MILWAUKEE (WITI) – A foreign exchange student, accused of a brutal sexual assault, was arrested for his crime seven years ago. Then, he fled the country. But how did he manage to get away?
Tim Tse was a computer science student at the University of Wisconsin – Milwaukee. Prosecutors say he searched the Internet for chemicals that could render his victim unconscious.
“She recalls being stripped naked, she recalls seeing flashes like that of a camera, she recalls someone grabbing her breasts,” says Chris Liegel, the Milwaukee County Assistant District Attorney now in charge of the case.
Tse found his 24-year-old victim sleeping in her bedroom. He then covered her face with a chemical-soaked rag. He stripped her naked, hit her, and took pictures of her exposed body before tying her up in the shower and slipping a pill between her lips.
But police say he didn’t rape her. As bizarre as it may seem, prosecutors think he just wanted to humiliate her.
“He wanted it to seem like it was a real rape,” Liegel says.
Less than a week later, Tse had confessed to the crime and was arrested.
Franklin Police were satisfied he had been caught.
But days later, Tse had vanished.
“We went to go look for him and when we went back to his apartment his car was gone and his belongings were gone,” Magno says.
Court records show his girlfriend, courtesy of Tse’s parents in China, had paid his $100,000 cash bail.
“This would be, this would be the first time I’ve seen someone forfeit that amount of cash bail,” Liegel says.
The Milwaukee County Jail let Tse go, even though court records said he was a flight risk – and he still had his passport.
Franklin police say they were surprised nobody had taken it away as a condition of bail.
“I was surprised that someone didn’t take his passport as part of his bail, yes,” Magno says.
Official court transcripts show Tse offered to give up his passport as long as bail was set at $10,000. But the Court Commissioner hearing the case that day, Cedric Cornwall, didn’t take him up on the offer.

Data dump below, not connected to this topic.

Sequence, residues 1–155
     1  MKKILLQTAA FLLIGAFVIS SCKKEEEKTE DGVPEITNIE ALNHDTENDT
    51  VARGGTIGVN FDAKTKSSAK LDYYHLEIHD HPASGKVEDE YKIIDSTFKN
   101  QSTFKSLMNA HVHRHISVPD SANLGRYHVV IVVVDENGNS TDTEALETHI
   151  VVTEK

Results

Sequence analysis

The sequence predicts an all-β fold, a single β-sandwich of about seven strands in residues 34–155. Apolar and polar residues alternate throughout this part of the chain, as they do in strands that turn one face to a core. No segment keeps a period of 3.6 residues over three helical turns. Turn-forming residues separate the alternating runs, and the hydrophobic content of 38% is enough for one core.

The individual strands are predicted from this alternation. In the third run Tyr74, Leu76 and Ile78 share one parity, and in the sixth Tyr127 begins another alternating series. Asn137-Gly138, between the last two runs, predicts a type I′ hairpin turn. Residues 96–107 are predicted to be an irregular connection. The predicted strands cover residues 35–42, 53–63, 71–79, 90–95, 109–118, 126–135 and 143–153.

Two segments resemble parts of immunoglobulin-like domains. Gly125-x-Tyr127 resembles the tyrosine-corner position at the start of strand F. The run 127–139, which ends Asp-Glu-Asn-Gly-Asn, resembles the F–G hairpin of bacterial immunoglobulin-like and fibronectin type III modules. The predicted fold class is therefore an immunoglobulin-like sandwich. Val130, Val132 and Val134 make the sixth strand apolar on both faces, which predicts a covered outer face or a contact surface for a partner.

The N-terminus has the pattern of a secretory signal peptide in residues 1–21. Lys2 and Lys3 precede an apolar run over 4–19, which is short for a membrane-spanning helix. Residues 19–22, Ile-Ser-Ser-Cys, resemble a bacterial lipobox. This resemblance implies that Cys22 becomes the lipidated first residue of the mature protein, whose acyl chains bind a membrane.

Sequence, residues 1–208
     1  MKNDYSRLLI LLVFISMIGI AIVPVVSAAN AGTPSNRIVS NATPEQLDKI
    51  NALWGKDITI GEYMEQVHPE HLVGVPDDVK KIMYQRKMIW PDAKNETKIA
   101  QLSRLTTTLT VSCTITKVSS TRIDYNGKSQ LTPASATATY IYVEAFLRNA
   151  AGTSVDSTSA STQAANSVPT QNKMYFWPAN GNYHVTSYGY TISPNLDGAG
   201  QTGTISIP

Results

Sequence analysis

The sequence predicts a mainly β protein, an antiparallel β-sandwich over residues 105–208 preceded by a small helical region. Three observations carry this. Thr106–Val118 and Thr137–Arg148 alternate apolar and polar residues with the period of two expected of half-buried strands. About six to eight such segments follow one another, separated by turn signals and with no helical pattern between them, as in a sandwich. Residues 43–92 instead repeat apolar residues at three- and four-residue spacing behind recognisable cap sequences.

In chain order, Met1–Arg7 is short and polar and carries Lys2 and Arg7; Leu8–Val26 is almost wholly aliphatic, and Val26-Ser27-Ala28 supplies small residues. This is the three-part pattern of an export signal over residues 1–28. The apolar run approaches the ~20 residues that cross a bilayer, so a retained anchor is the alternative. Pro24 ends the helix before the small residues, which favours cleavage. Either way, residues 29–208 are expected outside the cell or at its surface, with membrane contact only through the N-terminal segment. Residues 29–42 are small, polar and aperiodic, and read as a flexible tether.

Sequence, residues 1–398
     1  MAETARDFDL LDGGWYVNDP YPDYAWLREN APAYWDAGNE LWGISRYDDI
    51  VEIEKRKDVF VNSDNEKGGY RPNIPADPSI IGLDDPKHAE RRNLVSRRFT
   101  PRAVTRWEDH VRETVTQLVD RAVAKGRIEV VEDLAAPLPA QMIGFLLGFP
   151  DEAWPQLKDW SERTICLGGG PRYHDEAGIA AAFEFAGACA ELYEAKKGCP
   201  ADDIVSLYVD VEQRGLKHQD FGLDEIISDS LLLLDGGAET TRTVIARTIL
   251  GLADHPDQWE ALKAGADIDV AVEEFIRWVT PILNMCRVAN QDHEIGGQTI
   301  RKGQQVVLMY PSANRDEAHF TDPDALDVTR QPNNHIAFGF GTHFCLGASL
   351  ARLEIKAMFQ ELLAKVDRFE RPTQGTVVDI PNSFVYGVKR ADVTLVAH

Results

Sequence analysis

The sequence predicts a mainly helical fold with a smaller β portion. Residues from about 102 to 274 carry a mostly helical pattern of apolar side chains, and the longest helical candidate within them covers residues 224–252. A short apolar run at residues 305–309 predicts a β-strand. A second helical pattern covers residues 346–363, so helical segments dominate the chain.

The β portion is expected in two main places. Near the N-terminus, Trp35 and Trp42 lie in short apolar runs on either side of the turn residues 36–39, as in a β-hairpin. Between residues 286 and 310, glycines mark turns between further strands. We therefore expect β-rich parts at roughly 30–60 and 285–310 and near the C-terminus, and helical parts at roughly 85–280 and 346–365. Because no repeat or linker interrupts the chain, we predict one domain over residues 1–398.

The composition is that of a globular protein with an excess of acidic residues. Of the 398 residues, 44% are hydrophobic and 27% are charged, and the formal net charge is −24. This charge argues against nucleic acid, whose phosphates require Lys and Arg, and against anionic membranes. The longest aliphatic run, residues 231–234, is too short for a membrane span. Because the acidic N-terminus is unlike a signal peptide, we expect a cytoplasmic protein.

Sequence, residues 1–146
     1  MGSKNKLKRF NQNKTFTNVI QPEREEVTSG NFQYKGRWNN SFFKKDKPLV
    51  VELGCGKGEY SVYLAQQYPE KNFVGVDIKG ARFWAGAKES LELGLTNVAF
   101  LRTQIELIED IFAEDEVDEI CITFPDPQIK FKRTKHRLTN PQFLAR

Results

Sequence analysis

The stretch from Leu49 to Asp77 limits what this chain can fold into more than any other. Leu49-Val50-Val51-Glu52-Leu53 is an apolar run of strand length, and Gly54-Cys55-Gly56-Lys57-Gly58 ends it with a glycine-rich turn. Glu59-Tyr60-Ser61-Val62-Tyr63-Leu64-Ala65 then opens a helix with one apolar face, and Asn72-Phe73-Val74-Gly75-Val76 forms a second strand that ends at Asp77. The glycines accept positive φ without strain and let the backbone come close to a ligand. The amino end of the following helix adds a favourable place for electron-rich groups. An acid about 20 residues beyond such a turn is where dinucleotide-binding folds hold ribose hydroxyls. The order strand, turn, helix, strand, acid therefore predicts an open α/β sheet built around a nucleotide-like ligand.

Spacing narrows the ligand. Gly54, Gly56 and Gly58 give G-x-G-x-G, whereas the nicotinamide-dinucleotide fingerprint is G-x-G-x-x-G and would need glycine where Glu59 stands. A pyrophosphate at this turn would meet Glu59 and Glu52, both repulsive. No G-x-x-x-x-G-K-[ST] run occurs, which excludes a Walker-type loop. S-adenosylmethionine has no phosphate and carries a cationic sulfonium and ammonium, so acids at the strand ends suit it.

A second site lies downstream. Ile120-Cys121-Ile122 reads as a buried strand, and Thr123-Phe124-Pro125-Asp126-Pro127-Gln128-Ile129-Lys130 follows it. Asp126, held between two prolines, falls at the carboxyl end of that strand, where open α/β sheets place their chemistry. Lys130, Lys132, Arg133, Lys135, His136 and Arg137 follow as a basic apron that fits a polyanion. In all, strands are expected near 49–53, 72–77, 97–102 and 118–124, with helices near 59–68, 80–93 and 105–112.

“I wish I could have locked him up before he got out of the country, but that was beyond my control,” Magno says.
Commissioner Cornwall, who is now running for Milwaukee County Circuit Court Judge, set Tse’s bail at $100,000, but didn’t require him to surrender his passport.
When FOX6 asked if that was an oversight, Cornwall released the following statement:
“Based on the information that was presented in court, including the serious nature of the offenses the defendant had been charged with and the allegations contained in the criminal complaint, I imposed cash bail that was ten times higher than the amount requested by the defendant and consistent with the bail requested by the Milwaukee County District Attorney’s Office. After considering the statements of the prosecutor and defense attorney, I rejected the defendant’s request for lower cash bail in conjunction with his surrendering his passport, given that a person who is determined enough can find a way to leave the country without one.”
But police records show Tim Tse left with his passport in hand, and boarded a one-way flight from Chicago to Hong Kong.
“I think seven years later it is easy to look back and say, ‘you should’ve done this, you should’ve done that.’ I don’t like second guessing,” Magno says.
Second guessing might not be necessary.
In May, Hong Kong authorities released Tse to the United States Marshals, who extradited him back to the United States. Tse had been caught, jumping the border between mainland China and Hong Kong.
And Hong Kong saw there was an international warrant out for his arrest.
“They were able to stop him at the border and detain him,” Magno says.
He’s now being held at the Milwaukee County Jail on a $5 million cash bail. In October he pleaded guilty to sexually motivated burglary and admitted to everything he was accused of back in 2006. He’s expected to spend at least 10 years in a maximum security prison. When he’s released, he’ll have to register as a sex offender.
His official sentencing will be held in December.
“I was proud that we had stayed the course for seven years and we brought this person back,” Magno says. “She [the victim] is going to get her day in court now.”